How are US schools compare to those in other countries?

U.S. Schools: Not That Bad

America’s educational system is easier than those in China and India—but it’s still teaching valuable life lessons

  • Indian students in the same grade as his teenage daughters were two or three years ahead in math, physics, biology, and even subjects like world history and English literature.
  • It can take longer for Indians and Chinese to develop crucial real-world skills that come more easily for some Americans. Yes, U.S. teens work part-time, socialize, and party. But the independence and social skills they develop give them a big advantage when they join the workforce. They learn to experiment, challenge norms, and take risks.
  • There is no doubt that U.S. education can and should be improved. In the global economy, skills are going to provide the competitive edge. But it will take more than math and science. Our children also need to learn geography, literature, language, and culture. Creativity and innovation come from a broad education and independent thinking. We need sociologists and historians as well as mathematicians.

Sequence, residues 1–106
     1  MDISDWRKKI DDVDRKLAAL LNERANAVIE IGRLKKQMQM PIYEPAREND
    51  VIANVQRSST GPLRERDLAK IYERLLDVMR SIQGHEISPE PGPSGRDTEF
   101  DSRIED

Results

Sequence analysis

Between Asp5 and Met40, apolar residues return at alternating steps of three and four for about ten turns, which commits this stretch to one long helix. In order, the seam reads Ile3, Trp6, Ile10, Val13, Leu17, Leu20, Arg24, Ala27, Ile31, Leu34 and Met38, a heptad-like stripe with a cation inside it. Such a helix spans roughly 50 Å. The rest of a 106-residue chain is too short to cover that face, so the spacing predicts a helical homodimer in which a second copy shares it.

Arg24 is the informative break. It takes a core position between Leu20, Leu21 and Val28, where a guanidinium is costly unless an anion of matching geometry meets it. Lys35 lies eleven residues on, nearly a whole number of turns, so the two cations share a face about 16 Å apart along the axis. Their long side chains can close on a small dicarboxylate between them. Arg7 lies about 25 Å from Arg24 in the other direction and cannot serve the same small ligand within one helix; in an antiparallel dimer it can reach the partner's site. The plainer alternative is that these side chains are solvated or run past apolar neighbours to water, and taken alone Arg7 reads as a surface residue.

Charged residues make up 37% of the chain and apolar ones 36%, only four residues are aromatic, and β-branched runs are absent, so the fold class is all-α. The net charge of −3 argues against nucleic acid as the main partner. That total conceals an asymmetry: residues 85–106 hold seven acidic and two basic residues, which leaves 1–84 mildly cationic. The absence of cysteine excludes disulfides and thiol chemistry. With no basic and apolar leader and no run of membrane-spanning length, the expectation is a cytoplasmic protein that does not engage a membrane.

• we need to create the excitement and demand that makes our children want to become engineers and scientists (BusinessWeek.com, 10/26/07). There is no shortage of these skills in the U.S., but these professions just aren’t cool. In India and China, engineers and scientists are regarded highly; here they are called nerds or worse.
  • Our competitors are working very hard to be innovative and entrepreneurial like us. There are many things we need to fix—not just math and science education. We need to compete on our strengths, not theirs.

The Science Education Myth

Last Updated: June 3, 2008

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